For young people, eager to get their foot in the door to a successful career, unpaid internships may seem like the only way they can access their dream job. A new report from the Sutton Trust, 'Pay as you go', provides a detailed look at internship pay, quality and access to the graduate job market for the first time.

The report found that, although the number of unpaid internships has fallen in recent years, a high number of internships are still unpaid. Out of the employers offering internships, 48% offered unpaid internships or internships paying below minimum wage, 27% offered expenses only internships and 12% offer no pay or expenses.

As a social mobility foundation, the Sutton Trust argues that unpaid internships inhibit social mobility, and afford advantages limited to those from better off backgrounds. The report reveals that 26% of interns had to rely on money from their parents. While 27% had to work a second job in order to make it through the unpaid internship. Unpaid internships are found to be especially common in the media, journalism and fashion industries (all competitive industries with no shortage of applicants for roles). The Trust contends that those from lower income backgrounds are facing significant barriers to entry into these industries as a result.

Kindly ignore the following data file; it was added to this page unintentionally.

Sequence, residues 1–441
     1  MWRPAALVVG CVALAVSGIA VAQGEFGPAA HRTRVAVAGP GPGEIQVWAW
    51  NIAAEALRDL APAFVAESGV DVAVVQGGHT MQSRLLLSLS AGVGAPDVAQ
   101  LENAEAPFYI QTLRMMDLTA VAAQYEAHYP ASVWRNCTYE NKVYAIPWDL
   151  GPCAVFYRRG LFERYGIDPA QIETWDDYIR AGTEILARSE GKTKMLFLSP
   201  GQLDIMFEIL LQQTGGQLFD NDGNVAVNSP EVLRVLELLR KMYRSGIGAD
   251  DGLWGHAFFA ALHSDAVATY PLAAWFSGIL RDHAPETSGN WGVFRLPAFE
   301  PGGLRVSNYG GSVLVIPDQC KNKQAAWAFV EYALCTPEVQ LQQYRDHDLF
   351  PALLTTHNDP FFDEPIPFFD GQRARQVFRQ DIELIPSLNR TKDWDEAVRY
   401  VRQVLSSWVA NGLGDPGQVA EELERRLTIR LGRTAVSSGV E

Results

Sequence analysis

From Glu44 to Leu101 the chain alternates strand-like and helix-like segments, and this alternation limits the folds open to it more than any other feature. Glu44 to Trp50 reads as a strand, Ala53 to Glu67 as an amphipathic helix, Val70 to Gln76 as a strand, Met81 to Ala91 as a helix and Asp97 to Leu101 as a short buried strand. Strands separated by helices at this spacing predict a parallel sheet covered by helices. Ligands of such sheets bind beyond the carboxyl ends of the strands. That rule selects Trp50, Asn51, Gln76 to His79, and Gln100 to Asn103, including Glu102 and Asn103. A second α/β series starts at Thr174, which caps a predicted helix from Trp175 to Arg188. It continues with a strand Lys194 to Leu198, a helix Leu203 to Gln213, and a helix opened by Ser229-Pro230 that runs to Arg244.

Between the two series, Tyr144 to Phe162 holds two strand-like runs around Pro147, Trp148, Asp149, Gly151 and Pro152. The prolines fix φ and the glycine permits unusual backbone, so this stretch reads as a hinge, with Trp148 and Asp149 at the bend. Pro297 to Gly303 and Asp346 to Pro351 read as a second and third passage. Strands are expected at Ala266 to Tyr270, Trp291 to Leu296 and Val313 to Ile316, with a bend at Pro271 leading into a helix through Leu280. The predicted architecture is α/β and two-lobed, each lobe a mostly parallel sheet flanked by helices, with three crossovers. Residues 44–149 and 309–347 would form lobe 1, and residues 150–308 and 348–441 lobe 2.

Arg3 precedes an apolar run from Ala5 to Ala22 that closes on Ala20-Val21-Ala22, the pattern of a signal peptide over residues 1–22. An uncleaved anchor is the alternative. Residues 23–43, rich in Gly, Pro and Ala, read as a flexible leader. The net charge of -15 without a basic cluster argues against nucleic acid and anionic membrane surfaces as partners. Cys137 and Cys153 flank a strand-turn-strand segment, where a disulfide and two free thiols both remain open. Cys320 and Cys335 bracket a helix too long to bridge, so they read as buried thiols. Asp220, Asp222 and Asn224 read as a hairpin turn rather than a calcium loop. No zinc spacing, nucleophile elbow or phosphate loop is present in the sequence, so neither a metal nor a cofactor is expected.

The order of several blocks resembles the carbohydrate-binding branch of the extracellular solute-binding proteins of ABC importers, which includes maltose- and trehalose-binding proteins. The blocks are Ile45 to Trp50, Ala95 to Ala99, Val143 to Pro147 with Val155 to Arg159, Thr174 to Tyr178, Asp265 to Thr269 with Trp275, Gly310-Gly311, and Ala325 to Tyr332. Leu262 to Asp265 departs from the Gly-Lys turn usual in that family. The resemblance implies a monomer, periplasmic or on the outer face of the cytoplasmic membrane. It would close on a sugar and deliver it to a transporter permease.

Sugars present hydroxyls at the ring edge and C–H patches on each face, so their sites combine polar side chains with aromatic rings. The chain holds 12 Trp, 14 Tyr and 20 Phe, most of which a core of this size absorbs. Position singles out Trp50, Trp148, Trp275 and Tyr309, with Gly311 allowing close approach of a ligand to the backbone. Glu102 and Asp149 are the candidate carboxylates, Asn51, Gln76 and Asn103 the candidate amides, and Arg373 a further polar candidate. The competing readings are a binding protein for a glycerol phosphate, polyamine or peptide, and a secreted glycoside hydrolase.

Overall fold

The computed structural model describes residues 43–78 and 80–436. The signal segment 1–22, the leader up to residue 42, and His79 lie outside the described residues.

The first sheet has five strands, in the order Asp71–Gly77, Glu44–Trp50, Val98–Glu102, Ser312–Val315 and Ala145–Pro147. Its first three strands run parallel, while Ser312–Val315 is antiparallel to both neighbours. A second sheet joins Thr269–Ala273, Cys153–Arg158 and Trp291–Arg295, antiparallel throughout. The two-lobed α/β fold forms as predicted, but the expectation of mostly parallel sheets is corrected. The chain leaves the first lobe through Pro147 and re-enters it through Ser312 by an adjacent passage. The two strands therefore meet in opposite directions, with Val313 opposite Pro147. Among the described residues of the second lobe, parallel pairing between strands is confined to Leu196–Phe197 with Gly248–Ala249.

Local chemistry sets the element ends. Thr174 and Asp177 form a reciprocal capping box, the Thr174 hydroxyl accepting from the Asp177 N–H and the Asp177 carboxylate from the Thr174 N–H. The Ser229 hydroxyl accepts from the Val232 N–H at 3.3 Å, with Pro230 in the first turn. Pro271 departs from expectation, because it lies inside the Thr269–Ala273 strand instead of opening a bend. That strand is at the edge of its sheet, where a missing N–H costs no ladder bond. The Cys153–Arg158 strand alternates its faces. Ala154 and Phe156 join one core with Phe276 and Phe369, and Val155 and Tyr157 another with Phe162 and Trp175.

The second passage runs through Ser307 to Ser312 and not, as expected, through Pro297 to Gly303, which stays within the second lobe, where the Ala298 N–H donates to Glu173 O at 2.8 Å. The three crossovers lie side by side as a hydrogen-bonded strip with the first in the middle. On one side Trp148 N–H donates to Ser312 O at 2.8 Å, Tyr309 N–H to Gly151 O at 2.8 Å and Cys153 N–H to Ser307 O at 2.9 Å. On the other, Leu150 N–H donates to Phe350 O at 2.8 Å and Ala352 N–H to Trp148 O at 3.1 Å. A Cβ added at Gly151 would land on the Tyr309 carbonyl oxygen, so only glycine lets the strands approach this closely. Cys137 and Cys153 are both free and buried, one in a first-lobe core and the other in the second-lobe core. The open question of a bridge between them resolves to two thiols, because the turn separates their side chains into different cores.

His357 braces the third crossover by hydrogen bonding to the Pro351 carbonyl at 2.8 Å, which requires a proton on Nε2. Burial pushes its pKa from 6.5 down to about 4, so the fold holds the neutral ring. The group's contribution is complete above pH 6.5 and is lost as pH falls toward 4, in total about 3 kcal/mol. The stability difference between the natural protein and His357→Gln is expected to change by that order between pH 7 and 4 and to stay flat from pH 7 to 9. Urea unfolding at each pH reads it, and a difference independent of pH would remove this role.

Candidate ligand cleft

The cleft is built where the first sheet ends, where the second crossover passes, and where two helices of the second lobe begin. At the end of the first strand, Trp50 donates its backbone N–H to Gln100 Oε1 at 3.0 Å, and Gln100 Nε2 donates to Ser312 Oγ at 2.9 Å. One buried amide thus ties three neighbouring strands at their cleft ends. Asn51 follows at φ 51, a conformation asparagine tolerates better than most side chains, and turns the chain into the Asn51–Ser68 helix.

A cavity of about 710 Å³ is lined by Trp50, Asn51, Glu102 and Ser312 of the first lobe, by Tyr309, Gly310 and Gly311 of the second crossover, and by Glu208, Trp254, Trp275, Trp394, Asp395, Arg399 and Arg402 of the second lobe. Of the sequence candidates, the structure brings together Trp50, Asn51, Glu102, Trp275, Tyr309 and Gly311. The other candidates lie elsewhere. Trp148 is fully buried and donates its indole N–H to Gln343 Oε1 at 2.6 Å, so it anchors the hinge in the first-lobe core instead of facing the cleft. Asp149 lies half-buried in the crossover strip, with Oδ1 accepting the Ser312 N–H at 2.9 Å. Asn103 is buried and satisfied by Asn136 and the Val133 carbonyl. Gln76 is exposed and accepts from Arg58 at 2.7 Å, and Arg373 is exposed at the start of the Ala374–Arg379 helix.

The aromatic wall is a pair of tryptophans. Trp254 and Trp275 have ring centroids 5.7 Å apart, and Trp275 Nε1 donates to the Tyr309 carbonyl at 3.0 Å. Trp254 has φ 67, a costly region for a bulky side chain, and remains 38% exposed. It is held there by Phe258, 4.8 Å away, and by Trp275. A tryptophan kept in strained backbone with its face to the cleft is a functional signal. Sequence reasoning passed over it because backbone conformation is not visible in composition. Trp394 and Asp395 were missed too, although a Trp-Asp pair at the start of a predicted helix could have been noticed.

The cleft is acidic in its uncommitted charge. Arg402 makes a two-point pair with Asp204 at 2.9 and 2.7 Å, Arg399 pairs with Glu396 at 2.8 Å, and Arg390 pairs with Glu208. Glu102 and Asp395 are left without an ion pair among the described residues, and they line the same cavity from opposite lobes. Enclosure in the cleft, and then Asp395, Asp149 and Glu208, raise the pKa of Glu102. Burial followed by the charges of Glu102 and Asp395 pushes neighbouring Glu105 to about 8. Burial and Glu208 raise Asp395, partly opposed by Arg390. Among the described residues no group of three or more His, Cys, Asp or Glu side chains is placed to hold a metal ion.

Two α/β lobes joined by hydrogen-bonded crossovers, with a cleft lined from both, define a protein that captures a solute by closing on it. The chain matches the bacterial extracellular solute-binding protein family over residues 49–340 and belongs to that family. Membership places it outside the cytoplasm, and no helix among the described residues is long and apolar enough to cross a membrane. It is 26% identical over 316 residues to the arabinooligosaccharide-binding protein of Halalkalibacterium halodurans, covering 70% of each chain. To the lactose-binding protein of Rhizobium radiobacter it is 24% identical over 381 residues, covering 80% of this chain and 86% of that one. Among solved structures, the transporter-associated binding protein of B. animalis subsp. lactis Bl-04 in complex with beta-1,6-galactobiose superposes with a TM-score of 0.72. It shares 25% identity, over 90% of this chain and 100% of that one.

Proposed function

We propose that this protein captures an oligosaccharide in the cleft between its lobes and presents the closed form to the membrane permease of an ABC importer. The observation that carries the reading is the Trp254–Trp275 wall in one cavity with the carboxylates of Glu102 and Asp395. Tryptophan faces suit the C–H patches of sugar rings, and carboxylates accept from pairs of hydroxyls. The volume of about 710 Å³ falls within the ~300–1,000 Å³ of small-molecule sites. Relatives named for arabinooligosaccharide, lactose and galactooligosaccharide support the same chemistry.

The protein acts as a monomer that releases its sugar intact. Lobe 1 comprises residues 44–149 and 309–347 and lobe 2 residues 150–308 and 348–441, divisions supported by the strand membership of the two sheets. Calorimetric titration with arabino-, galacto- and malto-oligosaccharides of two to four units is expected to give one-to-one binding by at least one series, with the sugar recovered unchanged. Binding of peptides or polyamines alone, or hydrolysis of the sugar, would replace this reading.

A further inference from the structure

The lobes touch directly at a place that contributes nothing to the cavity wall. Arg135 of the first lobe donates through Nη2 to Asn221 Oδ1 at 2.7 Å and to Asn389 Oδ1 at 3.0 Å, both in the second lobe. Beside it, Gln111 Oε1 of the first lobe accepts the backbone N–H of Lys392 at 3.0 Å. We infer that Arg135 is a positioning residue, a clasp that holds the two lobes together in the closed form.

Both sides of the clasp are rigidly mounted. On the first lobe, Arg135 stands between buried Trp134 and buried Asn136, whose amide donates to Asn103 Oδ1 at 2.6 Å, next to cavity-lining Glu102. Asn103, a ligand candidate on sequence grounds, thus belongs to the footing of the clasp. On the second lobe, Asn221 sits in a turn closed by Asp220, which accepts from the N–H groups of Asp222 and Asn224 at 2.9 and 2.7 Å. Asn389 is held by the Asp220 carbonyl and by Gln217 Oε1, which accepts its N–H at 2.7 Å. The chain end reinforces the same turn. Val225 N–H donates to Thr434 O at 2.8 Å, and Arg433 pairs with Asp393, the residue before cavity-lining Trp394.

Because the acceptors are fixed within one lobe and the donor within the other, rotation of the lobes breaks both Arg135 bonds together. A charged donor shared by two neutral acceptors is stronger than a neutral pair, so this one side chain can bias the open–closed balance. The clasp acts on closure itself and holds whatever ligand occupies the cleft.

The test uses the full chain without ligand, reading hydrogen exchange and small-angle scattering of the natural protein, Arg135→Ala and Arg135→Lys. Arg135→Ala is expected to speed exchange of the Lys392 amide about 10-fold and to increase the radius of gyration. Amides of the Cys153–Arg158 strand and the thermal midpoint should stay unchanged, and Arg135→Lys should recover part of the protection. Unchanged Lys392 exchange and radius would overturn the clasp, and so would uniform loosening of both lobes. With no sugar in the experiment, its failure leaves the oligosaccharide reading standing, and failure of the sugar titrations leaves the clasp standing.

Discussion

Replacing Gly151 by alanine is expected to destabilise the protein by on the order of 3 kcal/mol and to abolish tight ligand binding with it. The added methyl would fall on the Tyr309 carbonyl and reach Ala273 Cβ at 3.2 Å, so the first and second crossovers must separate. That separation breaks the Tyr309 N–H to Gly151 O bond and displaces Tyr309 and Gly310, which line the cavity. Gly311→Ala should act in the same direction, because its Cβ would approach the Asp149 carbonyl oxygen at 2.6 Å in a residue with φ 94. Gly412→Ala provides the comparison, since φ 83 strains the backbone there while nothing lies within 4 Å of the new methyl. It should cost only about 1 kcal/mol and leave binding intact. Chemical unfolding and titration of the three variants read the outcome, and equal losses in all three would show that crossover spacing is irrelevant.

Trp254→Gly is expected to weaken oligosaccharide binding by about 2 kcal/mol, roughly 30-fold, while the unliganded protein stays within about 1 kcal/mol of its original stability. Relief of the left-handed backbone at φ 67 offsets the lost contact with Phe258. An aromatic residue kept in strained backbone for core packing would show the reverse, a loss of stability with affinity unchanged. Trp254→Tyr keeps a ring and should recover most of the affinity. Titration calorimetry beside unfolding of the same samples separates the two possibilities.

The Sutton Trust is likely to be hopeful therefore that the Unpaid Work Experience (Prohibition) Bill successfully passes through its second reading in Parliament on 25 January 2019. This bill seeks to prohibit entirely unpaid internships which last over four weeks. It would also introduce a mandatory requirement, to pay interns at least the national minimum wage or national living wage (for over 25s) once an internship exceeds four weeks. It may be some time until the bill becomes law, but if passed it will mean employers will have to be more vigilant about the internships and work experience schemes they offer.

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